We do realize that it’s been almost two months since we blogged in this space, and we must offer our apologies. We thank you for your patience and wanted to give you a glimpse of what we’ve been doing all this time instead of thinking up and writing blog entries: namely, preparing the Inspector General for three congressional hearings and responding to an emerging fraud scheme that has occupied us with media and congressional interest.
On April 25, the Inspector General testified before the House Committee on Government Oversight and Reform, Subcommittee on National Security, about our procurement of ammunition for our special agents. Remember that issue from last summer? The Subcommittee took note of our blog posts, and asked us to provide more information about our ammunition policy and procurement, and to testify at a hearing along with representatives from the Department of Homeland Security. We were grateful for the opportunity to clarify our position and explain the context surrounding our need to procure ammunition and how much we procure, based on our law enforcement requirements.
On April 26—yes, the very next day—the Inspector General testified before the House Committee on Ways and Means, Social Security Subcommittee, about the challenges facing the next Commissioner of Social Security. We are working closely with Acting Commissioner Carolyn Colvin and her administration to tackle some of these challenges now—such as addressing system vulnerabilities identified in SSA’s Financial Statement Audit for 2012.
But we also appreciate the Subcommittee’s recognition of the long-term nature of many of the Agency’s current challenges, which will require a consistent and persistent approach months and years into the future. Some of the challenges the Inspector General mentioned include:
- the need for a comprehensive customer service delivery plan, that addresses the Agency’s staffing, space, and IT needs for a business model where most Social Security business is conducted online; and
- the need to streamline and simplify the disability claim process, so that the Agency can better serve the public while also improving program and payment integrity.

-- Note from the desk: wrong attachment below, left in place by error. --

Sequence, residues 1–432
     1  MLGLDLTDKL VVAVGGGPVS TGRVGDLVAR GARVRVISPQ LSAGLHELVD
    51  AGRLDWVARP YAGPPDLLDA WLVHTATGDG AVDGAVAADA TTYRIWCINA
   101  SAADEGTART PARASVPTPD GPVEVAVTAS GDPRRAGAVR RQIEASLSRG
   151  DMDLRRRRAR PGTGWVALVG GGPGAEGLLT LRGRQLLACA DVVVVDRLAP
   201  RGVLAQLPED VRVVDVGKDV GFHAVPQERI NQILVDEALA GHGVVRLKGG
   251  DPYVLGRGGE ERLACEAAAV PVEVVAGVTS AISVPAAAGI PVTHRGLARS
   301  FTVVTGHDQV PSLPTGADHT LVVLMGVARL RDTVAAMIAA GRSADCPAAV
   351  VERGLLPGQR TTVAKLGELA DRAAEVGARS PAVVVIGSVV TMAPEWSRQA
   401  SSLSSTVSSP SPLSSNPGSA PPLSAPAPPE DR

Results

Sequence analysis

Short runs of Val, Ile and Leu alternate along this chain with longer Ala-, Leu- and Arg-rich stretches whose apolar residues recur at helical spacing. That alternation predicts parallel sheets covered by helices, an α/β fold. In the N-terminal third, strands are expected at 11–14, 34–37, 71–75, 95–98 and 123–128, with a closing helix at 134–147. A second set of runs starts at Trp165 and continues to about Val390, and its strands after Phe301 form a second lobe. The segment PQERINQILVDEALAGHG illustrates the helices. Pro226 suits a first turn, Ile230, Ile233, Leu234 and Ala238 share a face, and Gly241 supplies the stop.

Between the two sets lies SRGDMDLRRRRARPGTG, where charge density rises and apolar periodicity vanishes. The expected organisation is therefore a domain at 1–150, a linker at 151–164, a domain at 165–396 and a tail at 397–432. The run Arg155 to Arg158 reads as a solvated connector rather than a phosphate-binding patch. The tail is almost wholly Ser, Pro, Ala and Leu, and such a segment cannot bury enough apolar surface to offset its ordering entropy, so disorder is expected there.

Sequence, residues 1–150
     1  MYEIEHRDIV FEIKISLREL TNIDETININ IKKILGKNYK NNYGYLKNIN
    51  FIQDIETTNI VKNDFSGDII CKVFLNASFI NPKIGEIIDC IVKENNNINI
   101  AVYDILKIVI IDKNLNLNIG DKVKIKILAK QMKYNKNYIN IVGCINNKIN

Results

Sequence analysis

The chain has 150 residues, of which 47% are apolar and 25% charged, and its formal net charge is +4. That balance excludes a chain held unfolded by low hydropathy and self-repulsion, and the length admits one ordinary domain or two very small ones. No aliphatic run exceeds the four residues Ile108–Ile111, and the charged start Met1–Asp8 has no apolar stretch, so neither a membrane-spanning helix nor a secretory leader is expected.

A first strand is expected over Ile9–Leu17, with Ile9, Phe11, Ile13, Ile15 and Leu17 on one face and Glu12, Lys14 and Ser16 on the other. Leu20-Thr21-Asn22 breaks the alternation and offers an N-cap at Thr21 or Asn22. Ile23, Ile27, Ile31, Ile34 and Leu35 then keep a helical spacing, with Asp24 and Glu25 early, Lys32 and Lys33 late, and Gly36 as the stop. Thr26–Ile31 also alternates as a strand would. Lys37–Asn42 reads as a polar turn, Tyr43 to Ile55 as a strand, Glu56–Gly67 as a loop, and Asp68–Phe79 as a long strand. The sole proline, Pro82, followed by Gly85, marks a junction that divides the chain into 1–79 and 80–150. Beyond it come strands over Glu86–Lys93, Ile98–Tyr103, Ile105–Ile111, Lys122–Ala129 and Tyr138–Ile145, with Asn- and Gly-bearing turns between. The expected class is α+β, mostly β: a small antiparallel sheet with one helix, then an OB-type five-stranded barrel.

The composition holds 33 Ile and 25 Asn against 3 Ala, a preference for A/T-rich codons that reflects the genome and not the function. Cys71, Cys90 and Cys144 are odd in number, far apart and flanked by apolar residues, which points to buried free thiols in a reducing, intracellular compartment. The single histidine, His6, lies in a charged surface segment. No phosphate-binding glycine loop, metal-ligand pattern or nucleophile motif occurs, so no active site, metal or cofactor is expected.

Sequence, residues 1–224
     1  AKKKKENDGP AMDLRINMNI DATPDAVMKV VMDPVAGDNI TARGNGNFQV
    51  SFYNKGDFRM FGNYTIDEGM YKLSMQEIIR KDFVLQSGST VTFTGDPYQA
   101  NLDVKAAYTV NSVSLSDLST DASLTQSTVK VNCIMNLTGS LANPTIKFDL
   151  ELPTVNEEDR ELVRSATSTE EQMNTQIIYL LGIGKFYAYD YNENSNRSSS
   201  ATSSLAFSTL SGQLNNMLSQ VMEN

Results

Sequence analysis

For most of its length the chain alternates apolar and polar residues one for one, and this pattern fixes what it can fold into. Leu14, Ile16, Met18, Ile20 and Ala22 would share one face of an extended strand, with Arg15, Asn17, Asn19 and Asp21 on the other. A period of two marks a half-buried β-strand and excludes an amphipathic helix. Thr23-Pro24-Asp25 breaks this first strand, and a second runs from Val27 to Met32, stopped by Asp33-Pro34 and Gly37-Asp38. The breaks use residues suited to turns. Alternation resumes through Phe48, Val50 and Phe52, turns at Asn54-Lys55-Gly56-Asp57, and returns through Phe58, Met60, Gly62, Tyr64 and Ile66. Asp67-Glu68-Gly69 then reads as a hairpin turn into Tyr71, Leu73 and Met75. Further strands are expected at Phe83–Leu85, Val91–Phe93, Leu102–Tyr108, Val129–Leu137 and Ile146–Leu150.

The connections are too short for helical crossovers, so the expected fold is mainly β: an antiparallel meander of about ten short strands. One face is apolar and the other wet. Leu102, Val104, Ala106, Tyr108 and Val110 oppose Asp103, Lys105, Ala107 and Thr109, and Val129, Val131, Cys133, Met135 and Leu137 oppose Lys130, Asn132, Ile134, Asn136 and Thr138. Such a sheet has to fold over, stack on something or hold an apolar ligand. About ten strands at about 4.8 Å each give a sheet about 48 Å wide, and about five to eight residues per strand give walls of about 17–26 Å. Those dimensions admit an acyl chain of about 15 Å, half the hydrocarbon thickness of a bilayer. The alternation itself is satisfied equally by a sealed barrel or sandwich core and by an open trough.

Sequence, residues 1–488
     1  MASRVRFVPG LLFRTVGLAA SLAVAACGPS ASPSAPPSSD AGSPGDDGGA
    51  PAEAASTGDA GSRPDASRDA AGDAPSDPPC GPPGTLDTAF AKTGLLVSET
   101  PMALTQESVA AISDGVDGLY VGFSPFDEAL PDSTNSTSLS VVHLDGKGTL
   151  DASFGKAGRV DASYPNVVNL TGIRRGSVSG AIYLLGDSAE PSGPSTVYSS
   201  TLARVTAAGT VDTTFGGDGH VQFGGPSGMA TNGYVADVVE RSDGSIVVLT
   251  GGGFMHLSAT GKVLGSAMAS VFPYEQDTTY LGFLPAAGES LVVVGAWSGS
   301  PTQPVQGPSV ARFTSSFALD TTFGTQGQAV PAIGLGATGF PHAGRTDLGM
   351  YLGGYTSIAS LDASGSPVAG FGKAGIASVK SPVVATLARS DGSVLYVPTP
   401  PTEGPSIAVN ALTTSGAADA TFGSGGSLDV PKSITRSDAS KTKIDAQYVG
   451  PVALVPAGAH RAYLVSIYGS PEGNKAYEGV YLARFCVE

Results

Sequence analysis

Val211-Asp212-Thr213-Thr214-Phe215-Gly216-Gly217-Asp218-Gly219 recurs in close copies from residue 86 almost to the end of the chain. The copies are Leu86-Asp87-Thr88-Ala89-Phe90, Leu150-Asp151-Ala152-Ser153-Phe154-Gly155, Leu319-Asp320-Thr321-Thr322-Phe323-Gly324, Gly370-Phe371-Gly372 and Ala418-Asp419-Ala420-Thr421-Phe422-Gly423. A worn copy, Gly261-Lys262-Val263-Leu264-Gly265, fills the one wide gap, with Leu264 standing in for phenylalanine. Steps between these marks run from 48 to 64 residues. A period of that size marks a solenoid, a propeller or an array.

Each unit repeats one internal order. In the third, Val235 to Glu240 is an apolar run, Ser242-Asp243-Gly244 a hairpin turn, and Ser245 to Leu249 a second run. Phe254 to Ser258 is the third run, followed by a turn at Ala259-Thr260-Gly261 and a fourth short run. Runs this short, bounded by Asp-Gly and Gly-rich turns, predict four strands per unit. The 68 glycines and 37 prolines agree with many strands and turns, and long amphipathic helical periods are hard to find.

And just last week, the Inspector General visited the Senate side to testify at a hearing not only in his Social Security capacity, but also on behalf of the larger Council of Inspectors General on Integrity and Efficiency. The Senate Committee on Homeland Security and Governmental Affairs held a hearing on May 8 about reducing improper payments, which is the goal of a large share of our audit and investigative work.
Finally, over the last two weeks, we have been responding to a new fraud scheme affecting some Social Security beneficiaries. Identity thieves have obtained sensitive personal information, and used it to create fraudulent my Social Security accounts through www.socialsecurity.gov.
We have issued a fraud advisory about this new scheme, and have provided information to Members of Congress as well as media outlets who have heard from public citizens affected by the scheme. Our special agents are investigating, and we are working closely with SSA to address the new scheme but also educate senior citizens—and all Americans—about how to:
- protect their personal information;
- monitor all financial and personal accounts to quickly identify any irregular activity; and
- report suspected fraud to the appropriate authorities.
Unfortunately, identity thieves will always be looking for new ways to make money using your personal information, so you should take critical steps to prevent them from getting that information in the first place.